Analysis and Design of Energy and Slew Aware Subthreshold Clock Systems

Sch. of Electr. & Comput. Eng., Georgia Inst. of Technol., Atlanta, GA, USA
IEEE Transactions on Computer-Aided Design of Integrated Circuits and Systems (Impact Factor: 1.2). 10/2011; DOI: 10.1109/TCAD.2011.2144595
Source: IEEE Xplore

ABSTRACT In this paper, we analyze the effect of clock slew in subthreshold circuits. Specifically, we address the issue that variations in clock slew at the register control can cause serious timing violations. We show that clock slew variations can cause frequency targets to deviate by as much as 28% from the design goals. Based on these observations, we recognize the importance of clock slew control in subthreshold circuits. We propose a systematic approach to design the clock tree for subthreshold circuits to reduce the clock slew variations while minimizing the energy dissipation in the tree. The combined approach, including the wire sizing and dynamic nodal capacitance control, can achieve better slew control (and better timing control) at lower energy in subthreshold circuits.

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    ABSTRACT: This paper presents a design methodology for robust and low-energy clock networks for ultra-low voltage (ULV) circuits. We show that both clock slew and skew play important roles in achieving high maximum operating frequency (Fmax) and low clock energy in ULV circuits. In addition, clock networks in ULV circuits are highly sensitive to process variations. We propose a variation-aware methodology that controls both clock skew and slew to maximize Fmax and minimize clock power. Experimental results show that our clock network design method achieves lower energy (more than 20 % savings) at comparable or even higher Fmax compared with the existing methods. Keywords—clock network design, ultra-low voltage, robustness for automated synthesis of robust (low-slew and low-skew) and low- energy clock network. In this paper, we develop a variation-aware methodology for robust and low-energy clock network design for ultra-low voltage circuits. The contributions of this paper are as follows.  We present a comprehensive study based on extensive experi- mental results that show the impact of clock skew and clock slew control on power consumption, performance, and variation tolerance in ultra-low voltage (ULV) circuits.  We develop a variation-aware ULV clock network design methodology. For clock skew management, we construct the routing topology and insert buffers to minimize the delay differ- ences among the clock paths under both nominal and statistical conditions. We also show how to efficiently control clock slew bound at each sink under both nominal and statistical conditions. Our algorithm generates and saves multiple solutions to achieve minimum clock energy.  Experimental results show that our clock design method is able to efficiently control the clock skew and slew in both nominal and statistical conditions, and construct ULV clock networks with low clock energy at a high maximum operating frequency. We outperform state-of-the-art ULV clock routing methods (2), (5) in terms of performance and energy under both nominal and statistical conditions.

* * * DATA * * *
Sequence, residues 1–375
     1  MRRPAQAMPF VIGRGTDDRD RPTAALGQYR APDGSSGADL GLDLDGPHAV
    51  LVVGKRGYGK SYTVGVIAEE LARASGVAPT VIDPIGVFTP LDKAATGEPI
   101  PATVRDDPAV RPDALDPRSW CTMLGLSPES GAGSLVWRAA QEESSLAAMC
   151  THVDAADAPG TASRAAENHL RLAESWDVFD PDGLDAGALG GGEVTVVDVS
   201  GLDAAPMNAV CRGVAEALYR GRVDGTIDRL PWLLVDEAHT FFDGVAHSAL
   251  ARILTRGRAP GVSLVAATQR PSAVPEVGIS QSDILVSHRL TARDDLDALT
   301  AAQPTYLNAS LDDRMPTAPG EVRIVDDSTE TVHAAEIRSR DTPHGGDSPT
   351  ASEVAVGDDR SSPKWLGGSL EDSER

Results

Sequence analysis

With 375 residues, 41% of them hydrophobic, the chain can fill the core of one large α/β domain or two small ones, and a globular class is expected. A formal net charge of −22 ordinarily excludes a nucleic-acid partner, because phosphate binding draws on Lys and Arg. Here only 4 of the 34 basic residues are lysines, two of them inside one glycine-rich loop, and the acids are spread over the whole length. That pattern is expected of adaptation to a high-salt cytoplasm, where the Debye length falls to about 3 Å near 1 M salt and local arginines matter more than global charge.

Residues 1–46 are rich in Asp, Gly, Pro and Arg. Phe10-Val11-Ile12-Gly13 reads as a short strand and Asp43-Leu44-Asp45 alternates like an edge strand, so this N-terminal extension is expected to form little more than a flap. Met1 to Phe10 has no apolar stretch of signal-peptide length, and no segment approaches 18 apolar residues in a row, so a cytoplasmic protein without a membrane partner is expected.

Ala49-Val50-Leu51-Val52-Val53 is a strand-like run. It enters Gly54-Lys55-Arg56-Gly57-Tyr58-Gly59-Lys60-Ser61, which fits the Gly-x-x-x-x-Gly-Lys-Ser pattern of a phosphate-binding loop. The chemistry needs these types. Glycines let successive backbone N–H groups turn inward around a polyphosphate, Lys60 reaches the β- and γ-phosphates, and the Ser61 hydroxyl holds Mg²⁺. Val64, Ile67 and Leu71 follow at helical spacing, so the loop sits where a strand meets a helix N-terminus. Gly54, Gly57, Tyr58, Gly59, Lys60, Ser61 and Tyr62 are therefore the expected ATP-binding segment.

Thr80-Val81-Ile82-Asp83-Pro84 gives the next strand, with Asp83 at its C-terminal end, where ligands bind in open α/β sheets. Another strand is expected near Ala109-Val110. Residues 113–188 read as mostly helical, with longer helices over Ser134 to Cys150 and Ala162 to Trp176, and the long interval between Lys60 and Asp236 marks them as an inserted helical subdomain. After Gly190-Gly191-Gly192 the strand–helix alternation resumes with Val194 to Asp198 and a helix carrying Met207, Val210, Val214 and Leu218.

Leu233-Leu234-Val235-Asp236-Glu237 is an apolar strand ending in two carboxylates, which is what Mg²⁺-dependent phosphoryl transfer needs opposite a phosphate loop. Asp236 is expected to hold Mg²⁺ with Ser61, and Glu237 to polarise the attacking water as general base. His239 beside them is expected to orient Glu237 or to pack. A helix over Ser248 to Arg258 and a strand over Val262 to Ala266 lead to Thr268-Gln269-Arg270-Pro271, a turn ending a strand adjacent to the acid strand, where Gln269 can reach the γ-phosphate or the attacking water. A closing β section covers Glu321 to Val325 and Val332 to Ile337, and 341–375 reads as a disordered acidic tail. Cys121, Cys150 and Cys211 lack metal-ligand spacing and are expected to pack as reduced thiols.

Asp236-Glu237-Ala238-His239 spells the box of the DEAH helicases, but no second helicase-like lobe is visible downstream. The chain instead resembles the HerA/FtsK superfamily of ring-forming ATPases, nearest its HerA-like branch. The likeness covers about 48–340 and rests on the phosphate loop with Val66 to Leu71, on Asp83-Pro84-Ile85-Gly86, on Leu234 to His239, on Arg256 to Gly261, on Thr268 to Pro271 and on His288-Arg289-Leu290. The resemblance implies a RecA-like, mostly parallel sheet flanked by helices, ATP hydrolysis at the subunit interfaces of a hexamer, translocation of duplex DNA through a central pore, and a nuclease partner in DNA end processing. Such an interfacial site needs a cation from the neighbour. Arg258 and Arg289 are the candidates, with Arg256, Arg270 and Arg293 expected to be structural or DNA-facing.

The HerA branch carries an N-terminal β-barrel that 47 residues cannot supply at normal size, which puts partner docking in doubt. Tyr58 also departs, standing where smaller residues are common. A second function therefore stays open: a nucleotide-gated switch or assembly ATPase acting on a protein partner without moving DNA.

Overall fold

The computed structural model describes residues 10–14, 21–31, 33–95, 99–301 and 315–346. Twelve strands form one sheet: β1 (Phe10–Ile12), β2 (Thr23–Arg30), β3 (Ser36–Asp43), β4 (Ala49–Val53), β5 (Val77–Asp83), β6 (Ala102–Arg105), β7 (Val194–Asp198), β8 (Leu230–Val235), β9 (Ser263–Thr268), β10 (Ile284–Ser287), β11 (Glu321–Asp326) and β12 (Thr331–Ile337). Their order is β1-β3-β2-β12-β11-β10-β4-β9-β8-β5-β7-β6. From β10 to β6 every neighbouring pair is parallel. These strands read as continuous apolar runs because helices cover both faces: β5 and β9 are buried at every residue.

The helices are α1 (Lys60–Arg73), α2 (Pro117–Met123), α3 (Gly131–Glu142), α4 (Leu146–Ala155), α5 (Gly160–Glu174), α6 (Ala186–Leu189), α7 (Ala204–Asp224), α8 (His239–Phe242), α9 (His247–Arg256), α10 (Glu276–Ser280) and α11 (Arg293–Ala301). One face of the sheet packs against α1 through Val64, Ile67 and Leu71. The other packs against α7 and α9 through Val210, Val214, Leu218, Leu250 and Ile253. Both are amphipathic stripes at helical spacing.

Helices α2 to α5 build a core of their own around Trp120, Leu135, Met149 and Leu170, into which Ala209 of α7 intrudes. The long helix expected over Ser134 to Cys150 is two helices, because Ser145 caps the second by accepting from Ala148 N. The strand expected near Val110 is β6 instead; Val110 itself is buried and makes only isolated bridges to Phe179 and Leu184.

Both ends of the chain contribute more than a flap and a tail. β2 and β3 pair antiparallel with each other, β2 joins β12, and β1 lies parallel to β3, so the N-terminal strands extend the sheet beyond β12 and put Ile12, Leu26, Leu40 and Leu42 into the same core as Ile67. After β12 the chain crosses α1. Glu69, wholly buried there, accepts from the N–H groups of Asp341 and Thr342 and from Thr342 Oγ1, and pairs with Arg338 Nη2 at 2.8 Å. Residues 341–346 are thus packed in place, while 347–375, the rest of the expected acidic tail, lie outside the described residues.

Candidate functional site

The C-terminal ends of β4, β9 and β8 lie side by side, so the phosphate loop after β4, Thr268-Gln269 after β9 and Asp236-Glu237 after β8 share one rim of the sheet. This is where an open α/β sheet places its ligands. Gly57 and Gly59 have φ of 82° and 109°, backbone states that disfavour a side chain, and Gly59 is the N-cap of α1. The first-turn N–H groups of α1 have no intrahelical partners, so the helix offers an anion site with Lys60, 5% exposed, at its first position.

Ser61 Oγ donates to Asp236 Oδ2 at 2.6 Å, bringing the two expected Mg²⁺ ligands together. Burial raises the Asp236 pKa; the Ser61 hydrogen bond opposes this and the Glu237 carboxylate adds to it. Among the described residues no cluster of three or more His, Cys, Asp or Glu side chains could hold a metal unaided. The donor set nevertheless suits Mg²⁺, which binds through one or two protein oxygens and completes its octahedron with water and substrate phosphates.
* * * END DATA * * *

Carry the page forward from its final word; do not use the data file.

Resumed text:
Proceedings of the 2010 International Symposium on Low Power Electronics and Design, 2010, Austin, Texas, USA, August 18-20, 2010; 01/2011

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